Growth rate, body size, sexual dimorphism and morphometric variation in four populations of painted turtles (Chrysemys picta bellii) from Nebraska
American Midland Naturalist
I studied variation in individual growth rate, body size, sexual size dimorphism and morphometry in two sandhill lake and two Platte River floodplain populations of painted turtles from western Nebraska. Individual growth rate of juveniles and mean adult body size were greater in the sandhills populations than in the floodplain populations. Comparisons of mean individual growth rates of juveniles reported here and mean population egg size reported for these populations in an earlier study support predictions for the evolution of offspring size. Females were larger than males and sexual dimorphism was greatest in populations with relatively slow individual growth rates, a pattern that is inconsistent with the findings for other local populations of painted and closely related slider turtles. Body size-adjusted carapace width, shell height and plastron length varied significantly within and between sexes and populations. Interpopulational variation in shell width and height are hypothesized to be related to variation in clutch frequency or to differences in hydrodynamics between lake and riverine systems.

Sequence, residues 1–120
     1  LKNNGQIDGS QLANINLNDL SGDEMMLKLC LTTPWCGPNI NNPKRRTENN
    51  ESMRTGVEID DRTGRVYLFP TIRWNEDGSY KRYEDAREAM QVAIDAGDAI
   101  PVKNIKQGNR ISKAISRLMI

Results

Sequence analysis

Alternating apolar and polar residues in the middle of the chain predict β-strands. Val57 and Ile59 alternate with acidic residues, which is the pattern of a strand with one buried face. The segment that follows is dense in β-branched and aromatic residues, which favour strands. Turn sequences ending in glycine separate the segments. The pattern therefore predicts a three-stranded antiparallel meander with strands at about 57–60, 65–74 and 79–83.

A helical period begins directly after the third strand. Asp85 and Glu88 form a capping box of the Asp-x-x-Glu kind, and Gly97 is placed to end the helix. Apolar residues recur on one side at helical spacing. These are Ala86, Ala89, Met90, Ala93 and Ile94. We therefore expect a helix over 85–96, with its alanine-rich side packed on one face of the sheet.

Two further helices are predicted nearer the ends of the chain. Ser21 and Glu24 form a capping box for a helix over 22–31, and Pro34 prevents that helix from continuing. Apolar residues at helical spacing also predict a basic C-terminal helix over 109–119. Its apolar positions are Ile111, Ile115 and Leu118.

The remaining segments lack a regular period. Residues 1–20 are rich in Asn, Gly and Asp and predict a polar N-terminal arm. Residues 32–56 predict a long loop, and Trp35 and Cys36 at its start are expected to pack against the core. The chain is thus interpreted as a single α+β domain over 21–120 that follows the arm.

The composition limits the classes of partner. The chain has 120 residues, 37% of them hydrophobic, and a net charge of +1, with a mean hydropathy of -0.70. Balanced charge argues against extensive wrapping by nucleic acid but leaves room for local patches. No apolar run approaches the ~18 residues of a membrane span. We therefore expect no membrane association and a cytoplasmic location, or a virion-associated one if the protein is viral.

Rowe, John W., "Growth rate, body size, sexual dimorphism and morphometric variation in four populations of painted turtles (Chrysemys picta bellii) from Nebraska" (1997). Articles & Book Chapters. 434.